How do you use it and where can I get it? I would stay away from the PureVia, Truvia and Stevia Extract in the Raw. You can make your own stevia extract by soaking lots of fresh or dried leaves in grain alcohol (like Everclear) for about a month, or even water (but less effective and less sweet). Dried leaves have more intense sweetness and can be ground into a powder. The whole, fresh leaves (I recommend mincing them first), the extract, dried leaves and powder can all be used as sugar substitutes, but since it can be up to 300 times sweeter than sugar you will only need to use a small fraction of it. Click here for a stevia conversion chart. You would probably find the dried leaves at a health food market or a specialty store. Or you can grow the plant yourself. That’s what I plan to do.

My first attempt at "Stevia Concentrate", a/k/a really, really strong, super concentrated stevia tea. Easy. Steeped for about 10 minutes in hot, not boiling water. Tastes better than it looks.

My Two Cents About Metabolic Syndrome

The Centers for Disease Control estimates that approximately 75 million Americans suffer from Metabolic Syndrome. That adds up to roughly 1 in 4 individuals. And the prevalence is increasing significantly for adults and adolescents. Metabolic Syndrome increases risks for diabetes, heart disease and strokes. The Standard American Diet, which is high in carbohydrates and high glycemic foods (especially refined sugar) and low in nutrient dense foods (especially fruits and vegetables) is likely a major cause.

Metabolic Syndrome, if I understand correctly, is the bodies failure to metabolize food properly due to cell damage from eating too many unhealthy, high carb, high glycemic foods and from a generally unhealthy lifestyle. Cells become damaged and unable to absorb glucose which causes a rise in blood sugar. Insulin is the hormone that essentially allows cells to absorb glucose. The pancreas goes into overdrive and produces more insulin to compensate. The increased insulin affects the body’s ability to burn fat and can cause weight gain and obesity. The increased triglycerides (fat) in the blood stream cause arterial plaque to form. As a result arteries harden and narrow and that leads to hypertension (high blood pressure) and heart disease. Eventually cells become insulin resistant and the body stops producing it (Type 2 Diabetes).

Here are the risk factors according to the National Institute of Health:

  • A large waistline. This also is called abdominal obesity or “having an apple shape.” Excess fat in the abdominal area is a greater risk factor for heart disease than excess fat in other parts of the body, such as on the hips.
  • A high triglyceride level (or you’re on medicine to treat high triglycerides). Triglycerides are a type of fat found in the blood. A low HDL cholesterol level (or you’re on medicine to treat low HDL cholesterol). HDL sometimes is called “good” cholesterol. This is because it helps remove cholesterol from your arteries. A low HDL cholesterol level raises your risk for heart disease.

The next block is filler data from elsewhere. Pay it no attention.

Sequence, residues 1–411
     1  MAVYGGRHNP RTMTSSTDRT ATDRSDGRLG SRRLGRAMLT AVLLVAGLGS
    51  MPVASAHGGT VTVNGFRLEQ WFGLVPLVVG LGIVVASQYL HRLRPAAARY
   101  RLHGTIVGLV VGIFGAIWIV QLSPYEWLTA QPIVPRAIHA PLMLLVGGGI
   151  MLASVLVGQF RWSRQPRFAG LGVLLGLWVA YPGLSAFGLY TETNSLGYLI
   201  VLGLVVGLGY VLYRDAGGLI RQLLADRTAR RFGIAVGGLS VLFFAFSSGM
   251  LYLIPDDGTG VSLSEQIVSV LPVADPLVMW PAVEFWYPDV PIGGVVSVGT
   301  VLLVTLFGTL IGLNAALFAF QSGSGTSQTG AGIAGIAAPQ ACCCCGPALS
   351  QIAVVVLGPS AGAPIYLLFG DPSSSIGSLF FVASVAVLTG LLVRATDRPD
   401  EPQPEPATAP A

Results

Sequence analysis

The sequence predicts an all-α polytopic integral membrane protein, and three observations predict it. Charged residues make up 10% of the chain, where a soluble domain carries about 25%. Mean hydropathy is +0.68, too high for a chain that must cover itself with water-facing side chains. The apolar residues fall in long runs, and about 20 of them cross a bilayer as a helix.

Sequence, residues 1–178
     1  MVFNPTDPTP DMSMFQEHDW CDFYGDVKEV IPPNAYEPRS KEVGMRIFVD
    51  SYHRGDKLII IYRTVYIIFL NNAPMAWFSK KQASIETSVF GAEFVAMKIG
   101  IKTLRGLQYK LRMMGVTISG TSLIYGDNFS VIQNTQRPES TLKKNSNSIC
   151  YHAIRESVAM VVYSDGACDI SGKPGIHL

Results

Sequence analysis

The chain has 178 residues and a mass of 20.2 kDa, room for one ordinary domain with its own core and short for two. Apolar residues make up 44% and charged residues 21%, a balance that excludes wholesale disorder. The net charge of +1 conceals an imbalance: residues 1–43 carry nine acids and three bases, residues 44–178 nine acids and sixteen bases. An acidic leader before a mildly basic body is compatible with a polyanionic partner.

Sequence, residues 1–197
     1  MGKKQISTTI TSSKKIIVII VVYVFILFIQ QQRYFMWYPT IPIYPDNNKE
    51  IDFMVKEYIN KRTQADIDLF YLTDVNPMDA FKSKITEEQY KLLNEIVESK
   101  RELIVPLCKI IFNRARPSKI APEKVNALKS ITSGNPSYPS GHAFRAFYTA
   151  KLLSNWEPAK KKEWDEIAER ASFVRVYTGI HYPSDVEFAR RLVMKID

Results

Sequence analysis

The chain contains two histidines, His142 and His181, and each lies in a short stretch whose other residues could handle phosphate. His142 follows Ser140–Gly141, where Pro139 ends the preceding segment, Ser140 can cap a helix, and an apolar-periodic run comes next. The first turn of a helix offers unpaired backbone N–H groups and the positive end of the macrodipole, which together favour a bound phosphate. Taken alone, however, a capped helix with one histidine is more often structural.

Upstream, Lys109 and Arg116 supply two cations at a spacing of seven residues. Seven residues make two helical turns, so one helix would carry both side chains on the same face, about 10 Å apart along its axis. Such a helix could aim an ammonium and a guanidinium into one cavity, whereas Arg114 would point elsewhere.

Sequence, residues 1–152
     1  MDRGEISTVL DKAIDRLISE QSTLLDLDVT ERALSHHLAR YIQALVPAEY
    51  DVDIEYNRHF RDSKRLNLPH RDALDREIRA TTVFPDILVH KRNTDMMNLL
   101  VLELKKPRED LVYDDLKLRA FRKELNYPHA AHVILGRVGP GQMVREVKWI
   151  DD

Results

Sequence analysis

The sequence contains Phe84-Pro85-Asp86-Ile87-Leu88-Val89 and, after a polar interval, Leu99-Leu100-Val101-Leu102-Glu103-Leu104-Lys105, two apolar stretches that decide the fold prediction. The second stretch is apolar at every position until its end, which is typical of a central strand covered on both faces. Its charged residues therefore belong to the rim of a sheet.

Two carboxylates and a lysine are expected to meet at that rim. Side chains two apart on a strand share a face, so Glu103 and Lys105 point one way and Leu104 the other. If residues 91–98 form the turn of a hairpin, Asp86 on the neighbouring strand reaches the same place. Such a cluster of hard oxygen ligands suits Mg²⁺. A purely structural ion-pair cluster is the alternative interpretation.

• High blood pressure (or you’re on medicine to treat high blood pressure). Blood pressure is the force of blood pushing against the walls of your arteries as your heart pumps blood. If this pressure rises and stays high over time, it can damage your heart and lead to plaque buildup.
  • High fasting blood sugar (or you’re on medicine to treat high blood sugar). Mildly high blood sugar may be an early sign of diabetes.

What is interesting to me is that the disease is most common in people who are overweight. However, if you have it, then losing weight becomes more difficult. I sympathize with individuals who try really hard to lose weight. They exercise more, eat better, but still they struggle to lose a pound. It may help to shift the focus away from the scale and place it on health instead. Learn to eat more nutrient dense foods – foods high in vitamins, minerals, phytonutrients, essential fatty acids, fiber – rich with  antioxidants, anti-inflammatory and immune boosting properties.  Understand that even if you aren’t losing weight, you are repairing your body. Once it’s working like a well oiled machine again, the pounds should come off. Don’t despair and don’t give up.

Here’s a list of some high carb/high glycemic foods to avoid:

  • soft drinks and other sugary beverages and foods
  • honey
  • refined grains (white bread, white rice)
  • potatoes (excluding sweet potatoes)
  • watermelon, pineapple and cantaloupe (Uh, oh!)
  • dried dates
  • over ripe bananas
  • broad beans (What? It’s true.)
  • baked beans
  • parsnips
  • cakes, cookies, doughnuts (duh)
  • pretzels, saltine crackers, chips
  • popcorn
  • pasta
  • cold cereals and cereal bars
  • beer
  • orange juice

It’s probably not necessary to eliminate these foods completely, but rather consume them in moderation. And when you do eat them, pair them with foods that have a low glycemic index, like fats and proteins. (Fats like olive oil, real butter, coconut oil are all good.) Also eat those high glycemic foods in their whole form whenever possible, i.e baked or mashed potatoes with the skin along with some butter (fat) and a dollop of plain Greek yogurt (protein). Switch to whole grains instead of refined ones – whole wheat bread, brown rice, etc.

Here’s a list of some nutrient dense super foods you should try to incorporate into your diet:

  • green tea
  • strawberries
  • blueberries
  • cherries
  • peaches
  • dried apricots
  • pomegranate
  • cranberries
  • tomatoes
  • kale
  • broccoli
  • spinach
  • avocado
  • garlic
  • onions
  • spices like cinnamon, turmeric, ginger, oregano, rosemary, cayenne
  • lentils
  • kidney beans and black beans
  • chickpeas (garbanzo beans)
  • quinoa
  • nuts like almonds, walnuts, cashews, pistachios and Brazil nut